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The Puck Stops Here

Early Fan Feedback Promotes Another Lockout

The recent three lockouts have shown that the NHL's only method of seriously negotiating with players when the Collective Bargaining Agreement ends is to lock the players out.  They have found this is the most successful way to extract concessions from the players.  Under the owner's model this is a positive financial move.  Sure the NHL will lose revenue during the games lost to the lockout but the player's concessions will pay for the lost revenue plus a healthy profit.  This assumes that revenue is not jeopardized over the long-term with a drop in fan interest.  We are seeing in the short-term as the NHL has returned that assumption is correct.

The NHL is proudly telling us how great their television ratings have been at the start of this season.  NBC's ratings in the United States show a record high since hockey returned to NBC in 2006 for a regular season game.  They set records in Pittsburgh, Philadelphia and Chicago.  In Canada, Hockey Night in Canada set records with its "prime east" game between Toronto and Montreal and its afternoon game between Winnipeg and Ottawa.  The fans are clearly back - at least in the television audience. 

If the fans are back, long-term revenue has not been jeopardized by the recent lockout.  If lockouts do not hurt the NHL long-term, it is time to plan for the next one.  It is in the NHL's financial interest to have one.

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This fact should lead the players to make the best and longest lasting deal they can, without losing many games. A lesson they failed to learn from the last lockout!

Posted by timbits on 01/22/13 at 01:33 AM ET

PuckStopsHere's avatar

And what should the players do if the NHL doesn’t even table a serious offer until well into the next lockout - as happened this time?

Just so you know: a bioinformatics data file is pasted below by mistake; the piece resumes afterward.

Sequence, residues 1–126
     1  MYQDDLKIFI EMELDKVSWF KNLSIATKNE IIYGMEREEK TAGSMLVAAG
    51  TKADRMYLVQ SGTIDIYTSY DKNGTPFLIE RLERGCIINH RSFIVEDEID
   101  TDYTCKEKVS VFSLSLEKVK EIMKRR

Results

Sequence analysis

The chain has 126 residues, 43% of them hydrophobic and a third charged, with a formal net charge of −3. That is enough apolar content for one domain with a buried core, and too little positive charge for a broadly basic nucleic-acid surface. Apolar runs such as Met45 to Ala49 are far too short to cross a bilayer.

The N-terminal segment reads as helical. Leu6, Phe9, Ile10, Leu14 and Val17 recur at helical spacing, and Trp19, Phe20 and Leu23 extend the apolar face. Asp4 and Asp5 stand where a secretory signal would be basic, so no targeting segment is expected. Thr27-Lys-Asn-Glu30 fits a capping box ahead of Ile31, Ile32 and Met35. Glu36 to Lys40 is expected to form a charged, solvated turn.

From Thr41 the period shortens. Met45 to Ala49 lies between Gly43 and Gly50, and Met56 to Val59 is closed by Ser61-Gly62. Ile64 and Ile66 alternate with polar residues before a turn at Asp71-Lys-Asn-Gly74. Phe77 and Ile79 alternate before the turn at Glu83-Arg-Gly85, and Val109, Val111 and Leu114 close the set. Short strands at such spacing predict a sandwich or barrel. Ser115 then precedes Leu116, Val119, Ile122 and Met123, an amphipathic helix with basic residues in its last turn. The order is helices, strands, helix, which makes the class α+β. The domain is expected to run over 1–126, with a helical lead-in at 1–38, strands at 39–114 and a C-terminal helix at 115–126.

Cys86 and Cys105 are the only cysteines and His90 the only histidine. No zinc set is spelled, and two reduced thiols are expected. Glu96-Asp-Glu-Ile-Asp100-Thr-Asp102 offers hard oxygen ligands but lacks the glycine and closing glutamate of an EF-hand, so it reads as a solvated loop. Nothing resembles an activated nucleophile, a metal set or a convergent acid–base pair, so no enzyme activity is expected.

Posted by PuckStopsHere on 01/22/13 at 01:35 AM ET


Then I guess they lose 700 million or more again, plus take a deal they don’t like.

Posted by timbits on 01/22/13 at 01:42 AM ET

redxblack's avatar

The season has been on for three days. There have been two games on NBC. You don’t need to be a social scientist to understand that is a blip, not a trend. Also, take into account the massive promotion going on right now around the league to lure fans back. Last night’s Nashville game was free to those who went to the opener. $7 tickets in Miami will certainly help attendance. In short, it will take several weeks to see if “the fans are back” or if the fans are reacting to promotions.

Posted by redxblack from Akron Ohio on 01/22/13 at 08:40 AM ET


i never liked the argument that the league or players should quickly make a deal or they are going to lose fans.  I am not sure there is any evidence to support that statement in the NHL.

The MLB did lose fans in droves after their lockout, but I feel that was because it did nearly nothing to help half the teams in the league compete.  When you have teams paying 200+ million a year on salary versus teams paying 30-40 million a year, there is going to be a huge problem with competition.  You can either agree or dissagree with the arrangment, the truth is the fanbase for the team with 40 million a year is giong to have a hard time rooting for their team year after year (or year after 20 years) when they dont even sniff the playoffs.

As long as the NHL keeps the competitive format… where teams like the Rangers can not simply buy a stanley cup, then i feel like the NHL will always have its fans to count on… regardless of how many games are lost bickering over how the pie is split.

Posted by gretzky_to_lemieux on 01/22/13 at 08:46 AM ET


Nashville game was free to those who went to the opener. $7 tickets in Miami will certainly help attendance.

And what do the $9 tix in Detroit mean?

Posted by timbits on 01/22/13 at 10:36 AM ET


Haven’t we had enough Lockout talk?

Posted by 13 user names on 01/22/13 at 12:52 PM ET

redxblack's avatar

$9 mid week tickets means that even Detroit is engaged in begging fans to return. The Miami tickets aren’t for Thursday night games, though. Besides, rain man celebrating the non-effect of the lockout without using numbers is pretty ironic, and makes a weak case weaker.

Posted by redxblack from Akron Ohio on 01/22/13 at 04:42 PM ET

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imageThe Puck Stops Here was founded during the 2004/05 lockout as a place to rant about hockey. The original site contains over 1000 posts, some of which were also published on FoxSports.com.

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